Backed by a Russian billionaire, Anthony Milewski started stockpiling the metal in 2015.
Anthony Milewski was among the first investors to realize that if electric-vehicle sales take off the way automakers expect, the world is going to need a lot more cobalt—an essential ingredient in lithium-ion batteries.
But the market for cobalt isn’t very big, and there aren’t many easy ways for investors to bet on prices. The metal is a minor byproduct of copper and nickel mining, and only a few places produce meaningful quantities. More than half the world’s supply comes from the Democratic Republic of Congo, an impoverished country in central Africa mired in corruption scandals and political unrest.
So, in 2015, backed by a Russian billionaire, Milewski started buying metal from mining companies and putting it in warehouses. At the time, it was cheap because most industrial commodities were stuck in long slumps.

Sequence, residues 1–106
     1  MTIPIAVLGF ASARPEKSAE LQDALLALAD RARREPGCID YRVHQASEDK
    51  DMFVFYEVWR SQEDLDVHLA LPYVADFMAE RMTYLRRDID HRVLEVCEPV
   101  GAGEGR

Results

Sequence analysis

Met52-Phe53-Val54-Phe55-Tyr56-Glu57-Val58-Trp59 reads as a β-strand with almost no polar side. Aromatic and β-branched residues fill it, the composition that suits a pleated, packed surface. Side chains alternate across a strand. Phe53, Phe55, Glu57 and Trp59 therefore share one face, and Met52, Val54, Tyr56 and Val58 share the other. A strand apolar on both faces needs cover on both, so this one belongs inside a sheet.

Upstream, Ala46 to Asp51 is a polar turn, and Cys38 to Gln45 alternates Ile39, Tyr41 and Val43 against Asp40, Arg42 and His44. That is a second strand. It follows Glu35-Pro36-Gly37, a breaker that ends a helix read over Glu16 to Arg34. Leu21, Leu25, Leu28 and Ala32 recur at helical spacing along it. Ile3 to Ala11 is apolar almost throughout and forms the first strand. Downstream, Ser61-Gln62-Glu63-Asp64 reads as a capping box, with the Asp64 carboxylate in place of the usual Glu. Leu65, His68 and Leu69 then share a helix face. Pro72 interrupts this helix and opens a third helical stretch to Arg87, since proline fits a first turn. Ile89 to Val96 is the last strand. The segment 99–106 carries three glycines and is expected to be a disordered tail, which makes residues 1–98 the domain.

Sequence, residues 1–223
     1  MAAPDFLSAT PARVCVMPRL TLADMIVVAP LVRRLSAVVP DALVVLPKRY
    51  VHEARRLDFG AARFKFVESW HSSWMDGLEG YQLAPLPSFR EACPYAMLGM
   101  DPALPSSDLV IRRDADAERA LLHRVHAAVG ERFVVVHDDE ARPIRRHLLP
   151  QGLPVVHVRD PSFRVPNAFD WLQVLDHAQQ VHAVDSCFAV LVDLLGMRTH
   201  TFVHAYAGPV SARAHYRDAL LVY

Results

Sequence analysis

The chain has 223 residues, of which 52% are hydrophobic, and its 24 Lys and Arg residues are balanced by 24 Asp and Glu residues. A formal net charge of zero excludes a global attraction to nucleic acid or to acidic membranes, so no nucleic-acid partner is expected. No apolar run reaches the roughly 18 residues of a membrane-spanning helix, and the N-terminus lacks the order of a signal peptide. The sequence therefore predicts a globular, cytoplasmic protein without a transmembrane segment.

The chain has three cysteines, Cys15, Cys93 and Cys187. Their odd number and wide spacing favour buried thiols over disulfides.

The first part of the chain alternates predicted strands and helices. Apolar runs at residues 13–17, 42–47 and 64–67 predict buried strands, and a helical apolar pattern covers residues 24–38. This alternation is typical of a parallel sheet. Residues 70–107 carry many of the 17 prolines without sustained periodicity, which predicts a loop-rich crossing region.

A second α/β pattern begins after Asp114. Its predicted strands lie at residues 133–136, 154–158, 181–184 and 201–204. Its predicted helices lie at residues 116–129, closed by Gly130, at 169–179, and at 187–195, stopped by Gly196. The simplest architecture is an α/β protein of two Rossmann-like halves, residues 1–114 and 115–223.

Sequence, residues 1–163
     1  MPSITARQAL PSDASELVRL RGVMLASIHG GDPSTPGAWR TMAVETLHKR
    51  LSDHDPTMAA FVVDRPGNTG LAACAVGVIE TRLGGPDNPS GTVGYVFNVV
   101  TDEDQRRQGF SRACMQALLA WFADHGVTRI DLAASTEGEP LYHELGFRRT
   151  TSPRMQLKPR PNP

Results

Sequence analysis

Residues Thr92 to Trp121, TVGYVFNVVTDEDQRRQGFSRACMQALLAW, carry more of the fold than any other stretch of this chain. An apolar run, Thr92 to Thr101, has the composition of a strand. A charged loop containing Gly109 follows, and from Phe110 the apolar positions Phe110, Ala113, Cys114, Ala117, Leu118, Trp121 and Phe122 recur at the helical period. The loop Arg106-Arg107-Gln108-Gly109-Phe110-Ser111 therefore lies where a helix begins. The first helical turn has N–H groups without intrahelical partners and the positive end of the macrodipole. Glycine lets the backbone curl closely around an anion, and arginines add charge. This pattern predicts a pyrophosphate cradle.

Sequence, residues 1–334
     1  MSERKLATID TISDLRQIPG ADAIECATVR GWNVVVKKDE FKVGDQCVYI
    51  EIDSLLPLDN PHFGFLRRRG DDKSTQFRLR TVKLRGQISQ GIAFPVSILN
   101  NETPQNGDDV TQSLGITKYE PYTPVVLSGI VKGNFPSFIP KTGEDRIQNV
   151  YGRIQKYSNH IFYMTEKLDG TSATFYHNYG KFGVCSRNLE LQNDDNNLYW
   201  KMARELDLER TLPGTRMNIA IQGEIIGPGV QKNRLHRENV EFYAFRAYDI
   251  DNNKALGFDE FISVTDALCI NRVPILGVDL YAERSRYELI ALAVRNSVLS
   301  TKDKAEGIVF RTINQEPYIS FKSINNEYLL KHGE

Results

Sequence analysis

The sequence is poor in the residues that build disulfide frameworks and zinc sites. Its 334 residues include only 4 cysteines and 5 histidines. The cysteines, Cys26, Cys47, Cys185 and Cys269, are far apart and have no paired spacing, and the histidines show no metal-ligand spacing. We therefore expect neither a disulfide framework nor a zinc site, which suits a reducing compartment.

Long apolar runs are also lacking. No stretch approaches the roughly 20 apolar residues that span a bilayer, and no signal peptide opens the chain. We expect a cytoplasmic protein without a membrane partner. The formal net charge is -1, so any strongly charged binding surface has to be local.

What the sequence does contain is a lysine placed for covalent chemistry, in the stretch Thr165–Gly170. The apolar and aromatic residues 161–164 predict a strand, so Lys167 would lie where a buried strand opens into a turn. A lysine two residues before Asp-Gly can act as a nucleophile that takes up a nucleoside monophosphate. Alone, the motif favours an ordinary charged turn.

Today, the company Milewski runs, Cobalt 27 Capital Corp., holds almost 3,000 metric tons, the largest private stockpile on the planet. (Only China has more.) Prices have since surged almost four-fold, making the inventory worth about $250 million.
Milewski raised C$200 million ($126 million) from investors this month, and he is keen to get more cobalt. However, the metal has gotten harder to find, especially with manufacturers like Tesla Inc. and Apple Inc. trying to secure their own supplies by signing long-term deals with miners.
For the rest of this article: https://www.bloomberg.com/news/articles/2018-03-13/this-commodity-cowboy-is-hoarding-the-world-s-cobalt-supply